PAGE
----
Mass General researchers have found that very slow spontaneous vessel pulsations drive the clearance of substances from the brain, indicating that targeting and improving this process may help to combat Alzheimer's disease.
Cognitive Neuroscience Lab
About This Program
Despite continued scrutiny into the single-neuronal correlates of motor and cognitive behavior, remarkably little remains known about the mechanisms by which information is communicated between neurons locally or across cortical areas. Such communication is central to neuronal functioning at a systems level, yet remains among the most poorly understood topics in neuroscience.
The focus of the Neuronal Communication and Restoration Lab is to interrogate multiple-neuronal ensembles across interconnected cortical areas, and examine the manner by which communication between neurons correlates with ongoing behavior.
Probing Neuronal Communication
We are specifically targeting tasks that engage the acquisition of dynamic motor responses, and are examining the underlying neuronal processing that allow such information to be "transferred" from one area within the CNS to the other. These and similar findings may answer a number of basic questions about the process by which multi-modal information is shared between cortical areas and how concerted neuronal activity may instruct downstream areas responsible for cognitive and executive control.
Restoring Neuronal Communication
Despite intense scientific effort, there remains virtually no effective treatments for reconstituting the "line of communication" across areas damaged within the CNS. The second main aim of the lab is to develop new approaches for transforming recorded neuronal activity into signals that can be used to drive intact downstream areas within the CNS such as the spinal cord. Our group and others had previously demonstrated that ensemble neuronal activity may accurately predict movement intention, and that delivery of event-related electrical stimuli in areas responsible for motor production can reproducibly alter targeted limb movement. Our current goal is to exploit these properties in order to systematically dissociate and approximate movement production with motor intent. Such findings may offer alternate strategies leveraged to circumvent damaged areas within the CNS, and provide a unique perspective into the individual roles that motor cortical neurons and spinal efferent activity play in adaptive motor behavior.
- Ziv Williams, MD Assistant Professor in Neurosurgery, Attending Neurosurgeon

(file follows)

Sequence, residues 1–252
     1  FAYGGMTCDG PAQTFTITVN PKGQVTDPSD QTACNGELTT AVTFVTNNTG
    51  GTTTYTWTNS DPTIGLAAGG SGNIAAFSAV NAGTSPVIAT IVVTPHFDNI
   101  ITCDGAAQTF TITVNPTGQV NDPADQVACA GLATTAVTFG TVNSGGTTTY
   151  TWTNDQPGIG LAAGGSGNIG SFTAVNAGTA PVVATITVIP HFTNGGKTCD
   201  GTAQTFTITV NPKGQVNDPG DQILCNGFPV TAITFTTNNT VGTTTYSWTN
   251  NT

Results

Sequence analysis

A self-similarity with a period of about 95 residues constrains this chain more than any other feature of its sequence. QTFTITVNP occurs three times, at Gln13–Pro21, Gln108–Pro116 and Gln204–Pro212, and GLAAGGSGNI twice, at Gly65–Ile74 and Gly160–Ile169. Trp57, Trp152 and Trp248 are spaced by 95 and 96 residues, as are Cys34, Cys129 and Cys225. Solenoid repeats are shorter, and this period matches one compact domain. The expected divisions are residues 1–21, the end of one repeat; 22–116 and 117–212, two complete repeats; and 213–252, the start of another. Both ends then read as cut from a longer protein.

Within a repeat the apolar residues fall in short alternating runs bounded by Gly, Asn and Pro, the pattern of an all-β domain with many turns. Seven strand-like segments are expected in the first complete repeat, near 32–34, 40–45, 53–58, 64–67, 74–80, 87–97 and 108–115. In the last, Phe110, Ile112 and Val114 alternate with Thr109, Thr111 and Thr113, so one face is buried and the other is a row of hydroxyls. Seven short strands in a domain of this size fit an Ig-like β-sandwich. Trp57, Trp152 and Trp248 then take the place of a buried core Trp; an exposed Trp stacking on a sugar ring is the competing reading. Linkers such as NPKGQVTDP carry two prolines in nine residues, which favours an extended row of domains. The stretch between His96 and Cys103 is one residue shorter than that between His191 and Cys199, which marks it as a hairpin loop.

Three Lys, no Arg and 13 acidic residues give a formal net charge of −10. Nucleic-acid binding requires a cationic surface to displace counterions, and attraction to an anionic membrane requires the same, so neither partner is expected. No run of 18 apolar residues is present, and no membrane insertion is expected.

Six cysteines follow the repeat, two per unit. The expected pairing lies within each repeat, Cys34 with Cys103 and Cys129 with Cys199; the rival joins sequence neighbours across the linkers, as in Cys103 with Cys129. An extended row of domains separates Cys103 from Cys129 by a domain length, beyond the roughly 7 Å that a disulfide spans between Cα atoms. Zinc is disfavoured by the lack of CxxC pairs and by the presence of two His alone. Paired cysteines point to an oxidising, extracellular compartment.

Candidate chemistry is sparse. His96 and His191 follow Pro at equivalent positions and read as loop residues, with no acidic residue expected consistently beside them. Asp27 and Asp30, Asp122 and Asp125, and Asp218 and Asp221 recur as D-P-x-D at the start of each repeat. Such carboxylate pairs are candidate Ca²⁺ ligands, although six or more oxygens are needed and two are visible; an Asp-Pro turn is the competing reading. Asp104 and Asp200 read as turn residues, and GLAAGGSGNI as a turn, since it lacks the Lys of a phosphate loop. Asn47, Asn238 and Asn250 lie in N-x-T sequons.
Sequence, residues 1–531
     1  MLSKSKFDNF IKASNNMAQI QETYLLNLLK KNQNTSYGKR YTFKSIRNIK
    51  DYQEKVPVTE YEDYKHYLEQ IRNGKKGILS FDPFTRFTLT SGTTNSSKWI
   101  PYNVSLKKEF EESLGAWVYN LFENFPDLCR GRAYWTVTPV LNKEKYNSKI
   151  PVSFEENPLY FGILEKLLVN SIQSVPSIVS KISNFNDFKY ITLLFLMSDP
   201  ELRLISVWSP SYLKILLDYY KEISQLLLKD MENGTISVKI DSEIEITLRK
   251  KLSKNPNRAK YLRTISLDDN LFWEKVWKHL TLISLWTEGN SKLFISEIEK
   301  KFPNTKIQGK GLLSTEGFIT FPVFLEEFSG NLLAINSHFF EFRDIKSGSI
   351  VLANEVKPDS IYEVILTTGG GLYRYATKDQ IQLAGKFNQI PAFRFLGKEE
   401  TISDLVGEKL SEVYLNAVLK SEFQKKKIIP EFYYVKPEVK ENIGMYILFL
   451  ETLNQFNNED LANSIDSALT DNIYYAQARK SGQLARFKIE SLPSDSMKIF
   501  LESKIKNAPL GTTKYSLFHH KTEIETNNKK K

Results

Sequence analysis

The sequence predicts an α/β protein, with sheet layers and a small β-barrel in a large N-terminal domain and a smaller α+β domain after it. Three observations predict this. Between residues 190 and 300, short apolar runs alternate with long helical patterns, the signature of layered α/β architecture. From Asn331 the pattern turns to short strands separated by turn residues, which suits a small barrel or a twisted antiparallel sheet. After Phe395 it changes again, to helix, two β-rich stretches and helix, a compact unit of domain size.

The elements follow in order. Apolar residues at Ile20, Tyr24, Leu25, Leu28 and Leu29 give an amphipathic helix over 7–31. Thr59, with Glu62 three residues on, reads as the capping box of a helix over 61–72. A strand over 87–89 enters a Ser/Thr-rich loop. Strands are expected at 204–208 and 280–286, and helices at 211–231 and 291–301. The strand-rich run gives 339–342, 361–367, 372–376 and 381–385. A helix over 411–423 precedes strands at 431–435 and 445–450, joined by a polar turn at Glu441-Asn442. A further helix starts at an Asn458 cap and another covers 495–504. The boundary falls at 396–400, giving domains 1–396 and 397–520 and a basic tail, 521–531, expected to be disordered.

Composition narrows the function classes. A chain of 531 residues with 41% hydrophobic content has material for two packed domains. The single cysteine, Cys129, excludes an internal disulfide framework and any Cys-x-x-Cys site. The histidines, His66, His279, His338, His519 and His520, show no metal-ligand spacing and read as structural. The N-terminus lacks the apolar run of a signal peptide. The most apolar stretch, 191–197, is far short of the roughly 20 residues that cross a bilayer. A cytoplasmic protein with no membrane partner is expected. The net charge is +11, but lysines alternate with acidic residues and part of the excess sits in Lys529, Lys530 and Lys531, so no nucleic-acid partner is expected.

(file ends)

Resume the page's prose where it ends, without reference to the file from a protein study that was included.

- Rollin Hu, Post-doctoral fellow
- Wenhua Zhang, Post-doctoral fellow
- Keren Haroush, Post-doctoral fellow
- Kostas Spiliopoulos, Post-doctoral fellow
- Michelle Vidal , Research fellow
- Nive Jerath, Neurology resident
- Maryam Shanechi, Graduate student
- Morgan Jamiel, Graduate student
- Rebecca Gwaltney, Undergraduate student
- Marissa Powers, Undergraduate student
- Press Release
- Nov | 27 | 2019
In research led by investigators at Massachusetts General Hospital and published in Scientific Reports, treatment with an anti-inflammatory drug delayed the onset of disease in a mouse model of ALS.
- Nov | 21 | 2019
Congratulations to Merit Cudkowicz, MD, MSc, Director of the Sean M. Healey and AMG Center for ALS and Chief of Neurology at Mass General, who presented “A Powerful Promise,” a keynote speech at Accelerating Transformation, the 2019 Press Ganey National Client & Executive Leadership Conference.
- Press Release
- Nov | 20 | 2019
A chemical that has improved surgeries for brain cancer by making tumor cells fluorescent may also help doctors safely diagnose the disease and monitor its response to treatment, according to a new study led by investigators at Mass General.
- Nov | 8 | 2019
Research at the MGH is interwoven throughout more than 30 departments, centers and units and is conducted with the support and guidance of the MGH Research Institute. The Research Roundup is a monthly series highlighting studies, news and events.
- Press Release
- Nov | 4 | 2019
A new study provides insights on why some people may be more resistant to Alzheimer’s disease than others. The findings may lead to strategies to delay or prevent the condition.